Increasing complexity of technical systems requires a precise fault localization in order to reduce maintenance costs and system downtimes. Model-based diagnosis has been presented as a method to derive root causes for observed symptoms, utilizing a description of the system to be diagnosed. Practical applications of model-based diagnosis, however, are often prevented by the initial modeling task and computational complexity associated with diagnosis. In the proposed thesis, we investigate techniques addressing these issues. In particular, we utilize a mapping function which converts fault information available in practice into propositional horn logic sentences to be used in abductive model-based diagnosis. Further, we plan on devising algorithms which allow an efficient computation of explanations given the obtained models.
This paper presents a novel approach to diagnosis which addresses the two problems - computational complexity of abduction and device models - that have prevented model-based diagnostic techniques from being widely used. The Experience-Aided Diagnosis (EAD) model is defined that combines deduction to rule out hypotheses, abduction to generate hypotheses and induction to recall past experiences and account for potential errors in the device models. A detailed analysis of the relationship between case-based reasoning and induction is also provided. The EAD model yields a practical method for solving hard diagnostic problems and provides a theoretical basis for overcoming the problem of partially incorrect device models.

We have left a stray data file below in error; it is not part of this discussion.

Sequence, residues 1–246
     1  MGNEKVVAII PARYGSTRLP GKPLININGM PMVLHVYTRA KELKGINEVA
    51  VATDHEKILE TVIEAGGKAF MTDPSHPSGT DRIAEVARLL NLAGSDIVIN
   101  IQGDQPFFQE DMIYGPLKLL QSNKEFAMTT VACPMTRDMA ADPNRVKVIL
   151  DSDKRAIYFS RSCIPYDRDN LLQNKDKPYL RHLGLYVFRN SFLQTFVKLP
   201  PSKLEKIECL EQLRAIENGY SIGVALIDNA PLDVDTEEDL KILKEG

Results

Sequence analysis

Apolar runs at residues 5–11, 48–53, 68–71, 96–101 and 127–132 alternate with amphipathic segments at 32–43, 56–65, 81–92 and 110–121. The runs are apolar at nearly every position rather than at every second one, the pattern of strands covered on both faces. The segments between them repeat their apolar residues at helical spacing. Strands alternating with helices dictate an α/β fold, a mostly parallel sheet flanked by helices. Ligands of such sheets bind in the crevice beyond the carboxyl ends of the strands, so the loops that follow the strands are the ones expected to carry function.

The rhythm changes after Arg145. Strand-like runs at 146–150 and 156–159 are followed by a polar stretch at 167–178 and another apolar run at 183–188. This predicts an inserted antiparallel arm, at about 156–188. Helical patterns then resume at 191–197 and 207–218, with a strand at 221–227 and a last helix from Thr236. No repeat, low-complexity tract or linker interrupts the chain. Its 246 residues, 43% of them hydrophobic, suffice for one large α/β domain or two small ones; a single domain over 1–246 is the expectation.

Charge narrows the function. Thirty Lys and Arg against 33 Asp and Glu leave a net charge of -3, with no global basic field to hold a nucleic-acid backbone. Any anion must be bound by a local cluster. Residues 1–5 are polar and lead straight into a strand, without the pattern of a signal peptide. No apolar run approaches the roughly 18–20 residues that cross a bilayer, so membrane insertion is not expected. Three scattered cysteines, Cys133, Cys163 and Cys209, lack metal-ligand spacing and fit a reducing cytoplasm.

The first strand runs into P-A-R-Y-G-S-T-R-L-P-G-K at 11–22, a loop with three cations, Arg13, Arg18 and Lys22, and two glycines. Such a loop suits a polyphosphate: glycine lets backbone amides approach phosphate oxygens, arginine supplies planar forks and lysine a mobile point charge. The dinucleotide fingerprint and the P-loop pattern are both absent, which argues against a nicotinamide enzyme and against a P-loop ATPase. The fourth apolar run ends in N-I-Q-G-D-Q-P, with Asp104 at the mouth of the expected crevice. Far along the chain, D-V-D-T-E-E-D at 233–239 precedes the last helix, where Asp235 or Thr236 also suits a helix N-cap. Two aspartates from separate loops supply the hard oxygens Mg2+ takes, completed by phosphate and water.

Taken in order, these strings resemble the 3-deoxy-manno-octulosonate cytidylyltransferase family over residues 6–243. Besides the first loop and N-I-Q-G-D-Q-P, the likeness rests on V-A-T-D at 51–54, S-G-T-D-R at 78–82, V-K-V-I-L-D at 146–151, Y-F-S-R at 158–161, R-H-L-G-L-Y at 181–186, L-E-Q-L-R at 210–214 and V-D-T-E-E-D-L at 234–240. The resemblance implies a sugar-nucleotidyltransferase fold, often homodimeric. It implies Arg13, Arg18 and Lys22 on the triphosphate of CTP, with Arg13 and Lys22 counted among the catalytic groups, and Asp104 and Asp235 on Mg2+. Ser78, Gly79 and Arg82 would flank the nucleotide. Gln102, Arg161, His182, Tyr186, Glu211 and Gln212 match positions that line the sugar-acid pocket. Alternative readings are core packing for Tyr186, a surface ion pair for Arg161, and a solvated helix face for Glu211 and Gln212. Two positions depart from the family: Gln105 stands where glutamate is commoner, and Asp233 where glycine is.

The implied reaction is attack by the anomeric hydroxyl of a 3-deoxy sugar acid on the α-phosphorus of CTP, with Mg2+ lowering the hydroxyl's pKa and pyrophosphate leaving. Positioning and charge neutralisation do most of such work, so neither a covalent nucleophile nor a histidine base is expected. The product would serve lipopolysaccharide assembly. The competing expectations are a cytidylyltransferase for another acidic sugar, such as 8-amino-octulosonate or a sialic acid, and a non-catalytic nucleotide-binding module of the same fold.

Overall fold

Most work in symbolic concept acquisition assumes a deductive model of classification in which an example is a member of a concept if it satisfies a logical specification represented in disjunctive normal form (DNF) (Michalski and Chilausky, 1980)) a decision tree (Quinlan, 1986), or a set of Horn clauses (Quinlan, 1990). However, recent research in diagnosis, plan recognition, object recognition, and other areas of AI has found that abduction, finding a set of assumptions that imply or explain a set of observations, is frequently a more appropriate and useful mode of reasoning (Charniak and McDermott, 1985; Levesque, 1989). This paper concerns inducing from examples a knowledge base that is suitable for abductive reasoning. We focus on abductive diagnosis using the model of (Peng and Reggia, 1990).
Abduction is a basic form of logical inference, which is said to engender the use of plans, perceptual models, intuitions, and analogical reasoning - all aspects of Intelligent behavior that have so far failed to find representation in existing formal deductive systems. This paper explores the abductive reasoning process and develops a model for it s mechanization, .which consists of an embedding of deductive logic in an iterative hypothesis and test procedure. An application of the method to the problem of medical diagnosis is discussed.In IJCAI-73: THIRD INTERNATIONAL JOINT CONFERENCE ON ARTIFICIAL INTELLIGENCE, 20-23 August 1973, Stanford University Stanford, California.
The paper introduces a logical framework for negotiation among dishonest agents. The framework relies on the use of abductive logic programming as a knowledge representation language for agents to deal with incomplete information and preferences. The paper shows how intentionally false or inaccurate information of agents could be encoded in the agents' knowledge bases. Such disinformation can be effectively used in the process of negotiation to have desired outcomes by agents.